A passel of those born in 1912, when vaudeville was at its height, would shape American entertainment through the movies and television,, including the mold-breaking actor John Garfield (The Postman Always Rings Twice), actor Karl Malden, and dancer/actor Gene Kelly. They were joined by actress Eve Arden (Our Miss Brooks and, for later viewers, Grease) and comedians Morey Amsterdam (Buddy on The Dick Van Dyke Show), Phil Silvers (Sgt. Bilko), and radio and television host Art Linkletter. Chef Julia Child also belongs on this list of media personalities.
Entertainment of a different sort was provided by sports greats such as the skater Sonja Henie, golf legends Ben Hogan and Sam Snead (all three of whom would play unseen roles in the comic strip Peanuts in later years), and baseball legends Babe Dahlgren, Arky Vaughan, and Birdie Tebbets.
The 20th century saw perhaps the greatest advances in the history of science, thanks to the endeavors of ’12 babies Glenn T. Seaborg, Nobel-winning chemist; German rocket scientist Wernher von Braun; cryptanalyst and father of computer science and artificial intelligence Alan Turing; along with electronics pioneer David Packard (of Hewlett-Packard fame). The dismal science of economics would never be the same after the birth of Nobel Prize winner and champion of free enterprise Milton Friedman.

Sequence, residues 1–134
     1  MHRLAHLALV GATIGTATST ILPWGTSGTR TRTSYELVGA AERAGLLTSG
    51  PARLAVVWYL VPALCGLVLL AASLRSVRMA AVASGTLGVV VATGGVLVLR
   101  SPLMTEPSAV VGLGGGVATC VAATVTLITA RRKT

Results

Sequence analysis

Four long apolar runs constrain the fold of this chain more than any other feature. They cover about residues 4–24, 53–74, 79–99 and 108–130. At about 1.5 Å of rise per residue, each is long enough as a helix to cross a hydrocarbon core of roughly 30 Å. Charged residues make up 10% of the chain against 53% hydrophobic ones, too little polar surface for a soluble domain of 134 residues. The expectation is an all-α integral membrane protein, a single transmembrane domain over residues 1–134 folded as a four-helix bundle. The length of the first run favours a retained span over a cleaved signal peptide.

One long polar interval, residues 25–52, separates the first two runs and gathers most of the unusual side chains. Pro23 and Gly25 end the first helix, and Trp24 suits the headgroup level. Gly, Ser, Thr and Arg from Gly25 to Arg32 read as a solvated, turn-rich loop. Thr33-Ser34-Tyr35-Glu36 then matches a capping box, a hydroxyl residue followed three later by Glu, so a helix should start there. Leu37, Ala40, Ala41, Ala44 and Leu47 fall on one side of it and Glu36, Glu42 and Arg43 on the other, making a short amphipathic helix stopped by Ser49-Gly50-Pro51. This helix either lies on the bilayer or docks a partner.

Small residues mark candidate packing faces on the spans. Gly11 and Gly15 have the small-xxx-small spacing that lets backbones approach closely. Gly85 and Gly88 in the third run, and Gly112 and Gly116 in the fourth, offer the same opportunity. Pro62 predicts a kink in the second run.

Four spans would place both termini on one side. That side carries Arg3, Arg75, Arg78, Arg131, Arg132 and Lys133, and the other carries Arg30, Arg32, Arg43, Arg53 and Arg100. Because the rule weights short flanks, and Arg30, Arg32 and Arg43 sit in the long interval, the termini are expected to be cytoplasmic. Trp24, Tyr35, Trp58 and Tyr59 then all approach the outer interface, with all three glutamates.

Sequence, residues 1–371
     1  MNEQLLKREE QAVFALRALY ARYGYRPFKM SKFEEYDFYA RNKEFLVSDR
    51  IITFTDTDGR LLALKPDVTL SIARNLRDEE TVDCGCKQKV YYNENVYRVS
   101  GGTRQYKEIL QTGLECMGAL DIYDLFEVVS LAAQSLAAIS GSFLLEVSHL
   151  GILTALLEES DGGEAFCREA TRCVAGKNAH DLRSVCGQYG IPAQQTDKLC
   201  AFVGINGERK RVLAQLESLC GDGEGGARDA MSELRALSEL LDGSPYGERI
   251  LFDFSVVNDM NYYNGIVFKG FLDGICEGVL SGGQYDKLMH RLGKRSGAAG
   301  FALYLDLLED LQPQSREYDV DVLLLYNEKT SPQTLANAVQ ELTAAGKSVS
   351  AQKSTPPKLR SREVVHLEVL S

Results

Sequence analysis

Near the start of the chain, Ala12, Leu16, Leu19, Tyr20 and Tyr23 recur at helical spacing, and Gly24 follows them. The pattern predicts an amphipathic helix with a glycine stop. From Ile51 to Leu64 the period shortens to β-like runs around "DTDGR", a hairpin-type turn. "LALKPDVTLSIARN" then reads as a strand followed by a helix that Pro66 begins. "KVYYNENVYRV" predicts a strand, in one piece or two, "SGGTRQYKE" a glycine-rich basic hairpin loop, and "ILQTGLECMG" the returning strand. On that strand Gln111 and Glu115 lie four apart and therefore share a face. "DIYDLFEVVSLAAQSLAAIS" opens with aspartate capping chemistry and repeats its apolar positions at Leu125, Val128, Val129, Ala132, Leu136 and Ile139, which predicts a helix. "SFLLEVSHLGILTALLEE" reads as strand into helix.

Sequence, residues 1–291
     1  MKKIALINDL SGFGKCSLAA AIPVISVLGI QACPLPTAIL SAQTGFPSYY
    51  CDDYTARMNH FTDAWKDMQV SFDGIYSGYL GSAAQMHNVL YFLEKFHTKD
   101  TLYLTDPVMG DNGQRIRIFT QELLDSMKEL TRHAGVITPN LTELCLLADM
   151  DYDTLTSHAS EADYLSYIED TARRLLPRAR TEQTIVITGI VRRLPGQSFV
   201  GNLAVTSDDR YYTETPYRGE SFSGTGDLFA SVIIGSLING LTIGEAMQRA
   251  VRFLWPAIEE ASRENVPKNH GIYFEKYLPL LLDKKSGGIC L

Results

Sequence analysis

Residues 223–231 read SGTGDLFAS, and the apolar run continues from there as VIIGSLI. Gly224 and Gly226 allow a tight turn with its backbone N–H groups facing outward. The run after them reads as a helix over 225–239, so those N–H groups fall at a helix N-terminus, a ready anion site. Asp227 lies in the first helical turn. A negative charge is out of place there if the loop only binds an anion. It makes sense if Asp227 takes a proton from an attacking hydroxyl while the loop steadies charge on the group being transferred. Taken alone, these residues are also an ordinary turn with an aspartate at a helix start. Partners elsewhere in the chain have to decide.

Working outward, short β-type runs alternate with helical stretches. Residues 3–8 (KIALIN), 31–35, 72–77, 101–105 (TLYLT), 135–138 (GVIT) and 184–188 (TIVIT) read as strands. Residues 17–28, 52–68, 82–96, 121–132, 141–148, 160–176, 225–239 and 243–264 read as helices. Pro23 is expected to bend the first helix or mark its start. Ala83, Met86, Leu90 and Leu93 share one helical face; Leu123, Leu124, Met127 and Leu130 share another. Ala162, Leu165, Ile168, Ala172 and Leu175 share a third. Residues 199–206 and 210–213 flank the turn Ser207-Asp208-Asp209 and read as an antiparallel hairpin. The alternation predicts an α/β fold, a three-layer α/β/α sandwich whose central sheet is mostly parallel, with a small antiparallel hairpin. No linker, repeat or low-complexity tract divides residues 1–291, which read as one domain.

Political power brokers in the “American Century” included Democrats such as former speaker of the House Thomas P. “Tip” O’Neill and moderate senator Henry “Scoop” Jackson, along with Watergate special prosecutor Archibald Cox. Nor can we discount the importance of first ladies Lady Bird Johnson and Pat Nixon, who lived through tumultuous times in Washington, D.C. Among the Americans sent off to fight the wars the politicians voted for were U.S. Marine fighter pilot Pappy Boyington, an ace over the Pacific, and Benjamin O. Davis, Jr., who became one of the first black Americans to become a general (in the U.S. Air Force).
Finally, 1912 saw the births of those who fought for individual freedom and dignity, including Pope John Paul I; the Swedish diplomat Raoul Wallenberg, who saved thousands of Jews during World War II; and civil- and women’s-rights activist Dorothy Height, who passed away, at the age of 98, in 2010.
One hopes that 2013 will welcome into the world babies who will be as accomplished as these, making a better future for all. Happy New Year.
— Michael Auslin is a scholar at the American Enterprise Institute in Washington.